Klein, Katharina M.: Generation and Characterisation of an HRP-3-deficient Mouse Model. - Bonn, 2013. - Dissertation, Rheinische Friedrich-Wilhelms-Universität Bonn.
Online-Ausgabe in bonndoc: https://nbn-resolving.org/urn:nbn:de:hbz:5n-33350
@phdthesis{handle:20.500.11811/5756,
urn: https://nbn-resolving.org/urn:nbn:de:hbz:5n-33350,
author = {{Katharina M. Klein}},
title = {Generation and Characterisation of an HRP-3-deficient Mouse Model},
school = {Rheinische Friedrich-Wilhelms-Universität Bonn},
year = 2013,
month = sep,

note = {The hepatoma-derived growth factor-related protein-3 (HRP-3) is a growth factor of the HDGF protein family with neurotrophic activity. Predominantly expressed in the brain, it was shown to bind and stabilise microtubules. A function during brain development is speculated in the literature.
Targeting of the HRP-3 locus has been hitherto unsuccessful. In this work, a non-conditional targeting vector targeting exon 2 of HRP-3 was designed and a mutant mouse line was successfully created. Mice were viable and fertile and lived up to the age of ten months without any obvious abnormalities. A single case of a six-month-old mouse with small lesions in the cerebral cortex was found, but due to the absence of older animals, these results were not reproduced.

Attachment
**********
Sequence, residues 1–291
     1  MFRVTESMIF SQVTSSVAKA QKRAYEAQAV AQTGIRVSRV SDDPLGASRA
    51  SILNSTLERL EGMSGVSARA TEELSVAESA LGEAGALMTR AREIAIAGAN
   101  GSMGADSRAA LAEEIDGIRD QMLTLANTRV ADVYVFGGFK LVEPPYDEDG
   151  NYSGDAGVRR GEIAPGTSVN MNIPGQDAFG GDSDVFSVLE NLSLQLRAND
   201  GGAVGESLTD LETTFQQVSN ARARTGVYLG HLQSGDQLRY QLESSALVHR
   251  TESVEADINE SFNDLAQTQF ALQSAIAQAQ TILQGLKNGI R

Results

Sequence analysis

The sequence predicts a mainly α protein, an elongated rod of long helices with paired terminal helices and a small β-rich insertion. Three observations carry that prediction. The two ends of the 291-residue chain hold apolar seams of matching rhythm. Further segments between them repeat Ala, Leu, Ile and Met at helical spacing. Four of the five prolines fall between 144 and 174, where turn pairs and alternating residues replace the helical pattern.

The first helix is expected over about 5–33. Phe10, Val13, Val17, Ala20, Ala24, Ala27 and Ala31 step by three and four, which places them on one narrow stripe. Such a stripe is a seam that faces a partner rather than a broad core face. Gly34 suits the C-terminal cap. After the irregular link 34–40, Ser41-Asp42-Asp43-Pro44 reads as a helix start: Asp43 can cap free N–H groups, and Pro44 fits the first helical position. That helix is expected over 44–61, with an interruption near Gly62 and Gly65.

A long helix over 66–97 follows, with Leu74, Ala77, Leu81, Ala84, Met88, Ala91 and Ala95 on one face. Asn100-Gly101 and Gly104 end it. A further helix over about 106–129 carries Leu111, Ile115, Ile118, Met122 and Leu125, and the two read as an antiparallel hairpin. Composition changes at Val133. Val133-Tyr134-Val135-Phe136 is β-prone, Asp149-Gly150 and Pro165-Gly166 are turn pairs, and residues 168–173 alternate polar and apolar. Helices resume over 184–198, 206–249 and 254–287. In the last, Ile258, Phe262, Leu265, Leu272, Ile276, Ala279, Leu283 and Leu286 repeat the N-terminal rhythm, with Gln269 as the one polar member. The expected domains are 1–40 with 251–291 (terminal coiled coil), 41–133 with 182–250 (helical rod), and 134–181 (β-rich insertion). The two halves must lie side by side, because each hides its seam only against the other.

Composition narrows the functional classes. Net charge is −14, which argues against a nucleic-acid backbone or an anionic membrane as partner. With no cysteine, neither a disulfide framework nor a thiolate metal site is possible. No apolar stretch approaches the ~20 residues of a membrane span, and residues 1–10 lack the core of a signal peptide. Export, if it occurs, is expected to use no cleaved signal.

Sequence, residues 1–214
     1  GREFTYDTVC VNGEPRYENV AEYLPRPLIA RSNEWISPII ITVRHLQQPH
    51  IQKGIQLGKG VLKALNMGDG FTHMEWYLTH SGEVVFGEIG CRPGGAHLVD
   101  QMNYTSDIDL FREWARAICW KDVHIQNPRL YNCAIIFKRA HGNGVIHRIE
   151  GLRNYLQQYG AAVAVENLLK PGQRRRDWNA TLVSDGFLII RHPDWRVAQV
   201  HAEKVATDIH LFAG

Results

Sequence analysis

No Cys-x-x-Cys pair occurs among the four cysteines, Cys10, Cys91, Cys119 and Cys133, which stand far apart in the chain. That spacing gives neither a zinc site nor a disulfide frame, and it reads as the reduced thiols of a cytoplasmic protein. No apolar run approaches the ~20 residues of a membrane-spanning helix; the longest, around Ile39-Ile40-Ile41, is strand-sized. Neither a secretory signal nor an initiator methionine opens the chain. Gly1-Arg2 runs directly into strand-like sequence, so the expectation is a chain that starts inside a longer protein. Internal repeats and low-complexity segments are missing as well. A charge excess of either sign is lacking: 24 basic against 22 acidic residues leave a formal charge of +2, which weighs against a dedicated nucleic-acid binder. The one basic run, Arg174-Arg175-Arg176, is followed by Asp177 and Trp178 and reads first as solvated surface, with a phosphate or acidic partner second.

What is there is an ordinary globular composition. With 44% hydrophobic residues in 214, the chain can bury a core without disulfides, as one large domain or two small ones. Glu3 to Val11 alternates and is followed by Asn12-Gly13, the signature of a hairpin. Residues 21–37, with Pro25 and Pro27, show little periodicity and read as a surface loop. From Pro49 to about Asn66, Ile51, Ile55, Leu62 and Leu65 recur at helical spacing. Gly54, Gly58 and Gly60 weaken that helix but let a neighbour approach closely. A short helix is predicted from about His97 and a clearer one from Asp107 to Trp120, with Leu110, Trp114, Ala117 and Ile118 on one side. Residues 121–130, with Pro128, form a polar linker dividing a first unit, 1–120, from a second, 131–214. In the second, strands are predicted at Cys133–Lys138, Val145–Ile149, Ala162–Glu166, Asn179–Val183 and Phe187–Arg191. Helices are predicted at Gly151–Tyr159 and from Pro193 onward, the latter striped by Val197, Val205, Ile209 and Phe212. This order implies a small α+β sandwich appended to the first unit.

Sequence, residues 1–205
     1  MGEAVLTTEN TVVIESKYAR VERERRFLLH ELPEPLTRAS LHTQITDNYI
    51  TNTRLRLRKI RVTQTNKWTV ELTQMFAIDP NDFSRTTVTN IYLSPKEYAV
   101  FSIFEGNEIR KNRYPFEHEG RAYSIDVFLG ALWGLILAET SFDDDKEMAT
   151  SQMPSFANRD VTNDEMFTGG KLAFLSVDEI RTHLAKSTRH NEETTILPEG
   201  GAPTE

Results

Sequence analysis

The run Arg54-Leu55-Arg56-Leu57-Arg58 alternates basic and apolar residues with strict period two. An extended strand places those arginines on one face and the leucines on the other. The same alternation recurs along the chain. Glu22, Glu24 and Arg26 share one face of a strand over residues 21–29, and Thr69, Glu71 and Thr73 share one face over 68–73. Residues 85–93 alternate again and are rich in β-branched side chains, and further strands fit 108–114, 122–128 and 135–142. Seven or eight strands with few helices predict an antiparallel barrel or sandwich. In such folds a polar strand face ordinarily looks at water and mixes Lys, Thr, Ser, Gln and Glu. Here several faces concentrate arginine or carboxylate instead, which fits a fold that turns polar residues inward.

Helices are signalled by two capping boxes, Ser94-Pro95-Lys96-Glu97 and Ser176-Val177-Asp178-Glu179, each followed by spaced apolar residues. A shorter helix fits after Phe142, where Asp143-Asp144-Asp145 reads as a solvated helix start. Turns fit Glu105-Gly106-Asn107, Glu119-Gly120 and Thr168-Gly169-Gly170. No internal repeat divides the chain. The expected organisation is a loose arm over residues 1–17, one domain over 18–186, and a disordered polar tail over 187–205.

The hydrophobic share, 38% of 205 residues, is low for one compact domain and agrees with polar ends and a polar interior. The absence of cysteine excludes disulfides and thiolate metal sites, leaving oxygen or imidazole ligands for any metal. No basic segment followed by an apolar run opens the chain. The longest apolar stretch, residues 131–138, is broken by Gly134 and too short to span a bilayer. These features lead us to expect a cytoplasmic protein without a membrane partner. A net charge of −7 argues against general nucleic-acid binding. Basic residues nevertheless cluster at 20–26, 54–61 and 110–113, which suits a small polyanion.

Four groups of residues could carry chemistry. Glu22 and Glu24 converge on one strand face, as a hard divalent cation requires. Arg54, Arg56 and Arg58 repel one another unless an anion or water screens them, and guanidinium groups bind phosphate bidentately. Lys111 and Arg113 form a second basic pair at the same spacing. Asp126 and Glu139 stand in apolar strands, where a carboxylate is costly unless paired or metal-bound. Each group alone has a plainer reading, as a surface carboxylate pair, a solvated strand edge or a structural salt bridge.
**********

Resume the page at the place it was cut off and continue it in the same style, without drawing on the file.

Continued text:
Using this mouse model, it was discovered that HRP-3 is indeed predominantly expressed in the brain, but also, in contrast to findings in contemporary literature, to lesser extent in a range of other tissues and specific cell types. These include podocytes in the kidney and heart muscle cells. It can thus be supposed that the function of HRP-3 is not only confined to the brain, but also extends to other organs. Additionally, it was also shown that expression of HRP-3 within the brain extends to more cell types than previously reported.
Furthermore, HRP-3-deficient animals exhibited a hyperplasia of stomach mucosa and submucosa, resulting in extreme stomach folds. Since it was shown here that HRP-3 is expressed in several cell types in the stomach, a phenotype is conceivable. A reason for these foldings was not yet found and remains to be elucidated. Hyperplasia of the stomach mucosa is characteristic for the human Ménétrier disease. Whether HRP-3-deficient mice resemble such a disease is object for further analyses.
In summary, an HRP-3-deficient mouse model was successfully created and first analyses were able to give new HRP-3 expression data. A more extensive analysis, especially of the stomach abnormalities, is necessary and might provide new insights into the function of HRP-3.},

url = {http://hdl.handle.net/20.500.11811/5756}
}

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